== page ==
A vehicle used by the British to create tank marks to confuse enemies. Dr Twigge, 56, who has worked at the National Archives for 20 years, said: 'Agents often worked alone and were required to adopt a false identity that concealed their true intentions'

A vehicle used by the British to create tank marks to confuse enemies. Dr Twigge, 56, who has worked at the National Archives for 20 years, said: ‘Agents often worked alone and were required to adopt a false identity that concealed their true intentions’

A favourite of British agents was silicon carbide powder which when mixed with oil would cause mechanical components to seize up.

This was used widely on the railways of occupied Europe, with many trains derailed after their wheels had jammed at full speed.

The SOE camouflage team, made up in large part of film studio technicians, adapted female agents’ lipstick holders to hold a small message and filled wooden clogs fitted with false soles with plastic explosive.

Ammunition and arms were hidden in barrels of fish offal, cement sacks and driftwood, with aerials for transmitters concealed in clothes lines, climbing ropes and hosepipes.

German agents who were captured in Britain between 1939 and 1941.  Before they went into the field, British agents were handed an illustrated catalogue to demonstrate what each gadget was and how to use it to inflict maximum damage

German agents who were captured in Britain between 1939 and 1941.  Before they went into the field, British agents were handed an illustrated catalogue to demonstrate what each gadget was and how to use it to inflict maximum damage

In addition, many millions of pounds in foreign currency required to fund overseas operations was concealed in tea caddies, thermos flasks, tins of food and children’s toys.

Records show one of the most effective British gadgets was the ‘tyre-buster’, a miniature mine which was disguised in mud, rocks and dung.

About 1.5million of them were produced throughout the conflict and reports show they were successfully deployed to take out vehicles and convoys on bridges.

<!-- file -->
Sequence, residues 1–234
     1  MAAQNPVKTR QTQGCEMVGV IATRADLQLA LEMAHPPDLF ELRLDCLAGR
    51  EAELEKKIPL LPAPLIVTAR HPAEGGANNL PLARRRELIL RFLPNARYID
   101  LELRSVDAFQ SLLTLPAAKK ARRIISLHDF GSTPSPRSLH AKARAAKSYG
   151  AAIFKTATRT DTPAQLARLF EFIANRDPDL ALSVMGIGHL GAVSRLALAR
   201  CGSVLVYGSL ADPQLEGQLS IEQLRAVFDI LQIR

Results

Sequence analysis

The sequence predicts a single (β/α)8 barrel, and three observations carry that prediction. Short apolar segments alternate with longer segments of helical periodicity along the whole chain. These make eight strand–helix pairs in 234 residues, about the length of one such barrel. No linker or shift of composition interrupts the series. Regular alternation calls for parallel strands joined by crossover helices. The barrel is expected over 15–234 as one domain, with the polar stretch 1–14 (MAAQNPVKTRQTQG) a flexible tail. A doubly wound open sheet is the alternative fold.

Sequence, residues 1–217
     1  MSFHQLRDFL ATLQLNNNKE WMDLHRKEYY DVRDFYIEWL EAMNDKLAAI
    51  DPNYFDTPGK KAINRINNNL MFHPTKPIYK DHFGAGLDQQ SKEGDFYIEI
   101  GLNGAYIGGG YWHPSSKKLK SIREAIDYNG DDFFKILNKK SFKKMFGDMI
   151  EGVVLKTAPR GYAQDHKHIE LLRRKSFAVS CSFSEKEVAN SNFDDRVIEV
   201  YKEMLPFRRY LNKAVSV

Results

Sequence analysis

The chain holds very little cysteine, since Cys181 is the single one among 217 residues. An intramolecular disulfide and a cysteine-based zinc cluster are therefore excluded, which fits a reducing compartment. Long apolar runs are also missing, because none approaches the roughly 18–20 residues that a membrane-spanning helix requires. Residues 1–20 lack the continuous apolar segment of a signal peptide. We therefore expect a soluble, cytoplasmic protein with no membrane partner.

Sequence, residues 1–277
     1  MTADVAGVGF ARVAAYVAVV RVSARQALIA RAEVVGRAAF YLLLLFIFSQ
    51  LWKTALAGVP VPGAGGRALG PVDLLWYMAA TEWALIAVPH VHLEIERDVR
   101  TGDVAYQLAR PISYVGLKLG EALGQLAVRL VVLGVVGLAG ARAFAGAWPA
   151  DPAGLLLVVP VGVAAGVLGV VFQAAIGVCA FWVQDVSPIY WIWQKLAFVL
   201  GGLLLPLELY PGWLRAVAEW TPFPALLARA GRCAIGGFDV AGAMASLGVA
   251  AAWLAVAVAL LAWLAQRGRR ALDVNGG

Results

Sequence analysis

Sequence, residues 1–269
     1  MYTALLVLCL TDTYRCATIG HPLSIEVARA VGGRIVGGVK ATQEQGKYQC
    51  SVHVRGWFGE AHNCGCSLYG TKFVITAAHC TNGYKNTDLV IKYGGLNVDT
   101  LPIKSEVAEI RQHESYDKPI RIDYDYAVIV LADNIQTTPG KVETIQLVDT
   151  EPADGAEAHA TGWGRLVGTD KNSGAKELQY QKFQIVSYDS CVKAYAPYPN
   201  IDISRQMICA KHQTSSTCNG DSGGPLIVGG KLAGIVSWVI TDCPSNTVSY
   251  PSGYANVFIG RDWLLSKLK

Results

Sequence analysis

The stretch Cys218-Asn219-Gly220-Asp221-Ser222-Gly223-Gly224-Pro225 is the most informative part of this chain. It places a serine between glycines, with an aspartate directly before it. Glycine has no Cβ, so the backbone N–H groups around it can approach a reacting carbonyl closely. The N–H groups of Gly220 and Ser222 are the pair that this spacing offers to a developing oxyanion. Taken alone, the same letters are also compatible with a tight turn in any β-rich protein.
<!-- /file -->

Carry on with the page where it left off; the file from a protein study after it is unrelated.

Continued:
Another interesting invention was the exploding cigarette, which when lit an agent would discard on the floor after 30 seconds, with it bursting into seconds 30 seconds later.

Dr Twigge, 56, who has worked at the National Archives for 20 years, said: ‘Agents often worked alone and were required to adopt a false identity that concealed their true intentions.

A British exploding brush. The SOE camouflage team, made up in large part of film studio technicians, adapted female agents' lipstick holders to hold a small message and filled wooden clogs fitted with false soles with plastic explosive

A British exploding brush. The SOE camouflage team, made up in large part of film studio technicians, adapted female agents’ lipstick holders to hold a small message and filled wooden clogs fitted with false soles with plastic explosive

An X-Ray of a British exploding brush, which shows the lethal detonators inside.  In addition, many millions of pounds in foreign currency required to fund overseas operations was concealed in tea caddies, thermos flasks, tins of food and children's toys

An X-Ray of a British exploding brush, which shows the lethal detonators inside.  In addition, many millions of pounds in foreign currency required to fund overseas operations was concealed in tea caddies, thermos flasks, tins of food and children’s toys

Pictured is exploding soap. These ingenious gadgets were used by spies on both sides during the Second World War to bamboozle the enemy

Pictured is exploding soap. These ingenious gadgets were used by spies on both sides during the Second World War to bamboozle the enemy

hese ingenious gadgets were used by spies on both sides during the Second World War to bamboozle the enemy. They include bombs disguised as chocolate bars, exploding Chianti bottles and explosives hidden in vegetables

hese ingenious gadgets were used by spies on both sides during the Second World War to bamboozle the enemy. They include bombs disguised as chocolate bars, exploding Chianti bottles and explosives hidden in vegetables

A British 'Rupert' paradummy

A British ‘Rupert’ paradummy (right). A new book, The Spy Toolkit (left), uses recently declassified MI5 material to shed new light on how the deadly devices were deployed on unsuspecting foes as the agents sought to preserve their cover

‘To maintain their cover, they were supplied with specialist equipment and ingenious devices that allowed them to conduct operations while remaining in the shadows.

‘The gadgets were invented to disguise the plastic explosive and hopefully allow them to be placed it in factories, army headquarters or other important buildings in plain sight without arising suspicion.

‘German secret agents attempted to assassinate Winston Churchill using an exploding bar of chocolate in a plot later termed ‘Death by Chocolate’, hoping he would take a bite into the chocolate and the whole Cabinet room would explode.

‘But it was discovered by MI5 who tipped off the Prime Minister.

‘There are doubtless similar types of gadgets used today. Many – especially covert cameras and communication devices – are freely available.’

The Spy Toolkit, by Dr Stephen Twigge, is published by Osprey on May 31 and costs £8.99